Pakistan’s NSA claims P.M. Khan has pursued new policy under which Islamabad will only stand for its own interests
Pakistan is not advocating sustained engagement with the Taliban in Afghanistan because it is “pro-Taliban,” National Security Adviser Moeed Yusuf claimed on Wednesday, stressing that dialogue was the “only way” to solve the Afghanistan situation.
“They [U.S. and NATO forces] bought New Delhi and Kabul’s narrative—lock, stock, and barrel—and this is what they have gotten for it,” he said, referring to the complete withdrawal of Western forces from Afghanistan following the Taliban’s takeover of Kabul in August. If the West had adopted a non-military strategy, he said in an interview with Global Village Space, it could have avoided “embarrassment.”
The NSA said that Pakistan, under Prime Minister Imran Khan, had established a new paradigm under which the country would “never be up for sale” and would stand for its own interests. “Pakistan is going to stand for what its interests are, not emotively but very pragmatically,” he said. “This has invited much criticism, with many deeming it a mistake, but it is true—Pakistan no longer will host bases,” he said, referring to speculation that the U.S. had asked Pakistan to allow it the use of military bases on its soil to stage counter-terrorism operations in Afghanistan.
He claimed Pakistan had now become a “melting pot” of global economic interests due to its shift to geo-economics. He reiterated the hope that peace in Afghanistan would allow it to establish a corridor connecting Pakistan to central Asia. He alleged that India had utilized Afghan intelligence to foment terrorism in Pakistan, stressing that the Taliban had been informed this was unacceptable. The new rulers of Afghanistan, he said, had pledged to not allow their soil to be used against Pakistan.
To a question on recognizing the Taliban government, he said Islamabad’s calls for sustained engagement did not require any formal recognition. “The world comes to us and says, ‘please help us evacuate thousands of people,’ and the same world says, ‘please do not engage’. How is this possible?” he said, adding that if the world was motivated by self-interest, so was Pakistan.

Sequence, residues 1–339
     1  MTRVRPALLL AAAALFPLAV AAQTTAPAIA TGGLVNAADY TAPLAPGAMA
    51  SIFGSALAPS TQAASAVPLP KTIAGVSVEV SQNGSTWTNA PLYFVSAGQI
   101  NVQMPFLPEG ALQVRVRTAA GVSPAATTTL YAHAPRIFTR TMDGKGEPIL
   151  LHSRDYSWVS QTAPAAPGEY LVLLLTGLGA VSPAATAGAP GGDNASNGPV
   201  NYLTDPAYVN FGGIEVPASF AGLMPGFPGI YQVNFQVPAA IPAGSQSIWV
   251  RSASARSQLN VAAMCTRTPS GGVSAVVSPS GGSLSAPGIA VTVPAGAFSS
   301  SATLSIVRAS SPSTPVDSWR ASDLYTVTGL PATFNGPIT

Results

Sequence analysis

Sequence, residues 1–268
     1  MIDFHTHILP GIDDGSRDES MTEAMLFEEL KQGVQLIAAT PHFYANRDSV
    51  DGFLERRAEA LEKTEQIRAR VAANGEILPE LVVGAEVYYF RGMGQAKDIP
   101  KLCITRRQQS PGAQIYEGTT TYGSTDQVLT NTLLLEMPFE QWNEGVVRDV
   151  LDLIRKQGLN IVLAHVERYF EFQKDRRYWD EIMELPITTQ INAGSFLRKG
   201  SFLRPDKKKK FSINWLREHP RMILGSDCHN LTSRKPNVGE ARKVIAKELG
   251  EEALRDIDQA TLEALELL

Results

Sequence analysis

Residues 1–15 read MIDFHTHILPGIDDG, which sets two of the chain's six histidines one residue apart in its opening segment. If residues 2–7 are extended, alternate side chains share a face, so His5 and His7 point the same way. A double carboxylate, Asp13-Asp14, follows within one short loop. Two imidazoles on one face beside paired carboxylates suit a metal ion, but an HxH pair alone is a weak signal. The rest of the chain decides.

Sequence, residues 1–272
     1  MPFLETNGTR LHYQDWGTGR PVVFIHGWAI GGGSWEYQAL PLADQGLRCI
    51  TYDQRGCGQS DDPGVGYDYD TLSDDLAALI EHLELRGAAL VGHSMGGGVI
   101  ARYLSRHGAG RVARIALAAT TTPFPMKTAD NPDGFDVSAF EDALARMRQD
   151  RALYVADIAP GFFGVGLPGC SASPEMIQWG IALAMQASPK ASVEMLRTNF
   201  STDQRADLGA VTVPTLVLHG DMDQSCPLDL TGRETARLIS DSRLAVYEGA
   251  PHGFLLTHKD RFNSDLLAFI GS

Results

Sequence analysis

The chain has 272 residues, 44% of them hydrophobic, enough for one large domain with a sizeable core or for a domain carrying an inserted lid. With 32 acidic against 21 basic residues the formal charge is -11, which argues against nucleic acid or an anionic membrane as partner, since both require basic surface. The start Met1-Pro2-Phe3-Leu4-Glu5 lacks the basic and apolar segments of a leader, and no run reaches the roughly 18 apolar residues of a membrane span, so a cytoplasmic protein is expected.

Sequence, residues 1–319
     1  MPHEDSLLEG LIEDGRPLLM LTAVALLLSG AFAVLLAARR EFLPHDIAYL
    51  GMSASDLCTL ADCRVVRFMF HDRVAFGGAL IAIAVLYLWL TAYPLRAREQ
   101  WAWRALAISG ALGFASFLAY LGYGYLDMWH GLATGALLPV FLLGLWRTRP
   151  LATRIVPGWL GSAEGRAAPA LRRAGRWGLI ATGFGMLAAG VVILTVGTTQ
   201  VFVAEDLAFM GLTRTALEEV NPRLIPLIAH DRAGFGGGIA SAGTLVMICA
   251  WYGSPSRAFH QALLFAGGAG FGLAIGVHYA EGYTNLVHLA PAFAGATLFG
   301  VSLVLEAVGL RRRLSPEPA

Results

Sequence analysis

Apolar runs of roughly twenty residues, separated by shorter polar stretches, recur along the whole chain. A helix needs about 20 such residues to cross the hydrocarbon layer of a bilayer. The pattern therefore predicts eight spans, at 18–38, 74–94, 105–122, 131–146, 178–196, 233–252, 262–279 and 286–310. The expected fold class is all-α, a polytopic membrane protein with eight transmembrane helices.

Yusuf stressed that the Afghan conflict had been an “unwinnable war” for 20 years, which “some wanted Pakistan to win for them,” adding that this was an unrealistic expectation. “If there is a condition which Pakistan does not feel to be in its interest, we will not go for it,” he said, adding that Islamabad had consistently emphasized that the war in Afghanistan could not be won militarily.
To a question on bilateral ties between Pakistan and the U.S., the NSA said that his meetings with Americans officials had agreed upon a blueprint on how to move forward on commerce, investment, climate, and health. To concerns about Pakistan being caught between the U.S. and China, he stressed that Islamabad was “not in any camp,” adding that it wanted positive ties with all countries. He reiterated that the Pak-U.S. relationship could not be limited to its ties with Afghanistan, India or China.
“It has to be a bilateral relationship, a give and take as equals where mutual interests lie. That has to be worked out now,” he said, adding that Washington could no longer utilize any civil-military disconnect to get what it desired. “There is no civil-military disconnect anymore, and a coordinated effort is in place,” he claimed.
On China, the NSA said it was a key pillar of Pakistan’s vision for regional connectivity through the China-Pakistan Economic Corridor. He said Pakistan wanted the U.S., China and Russia to invest in it, adding that they should all work together to figure out what companies could yield positive benefits here.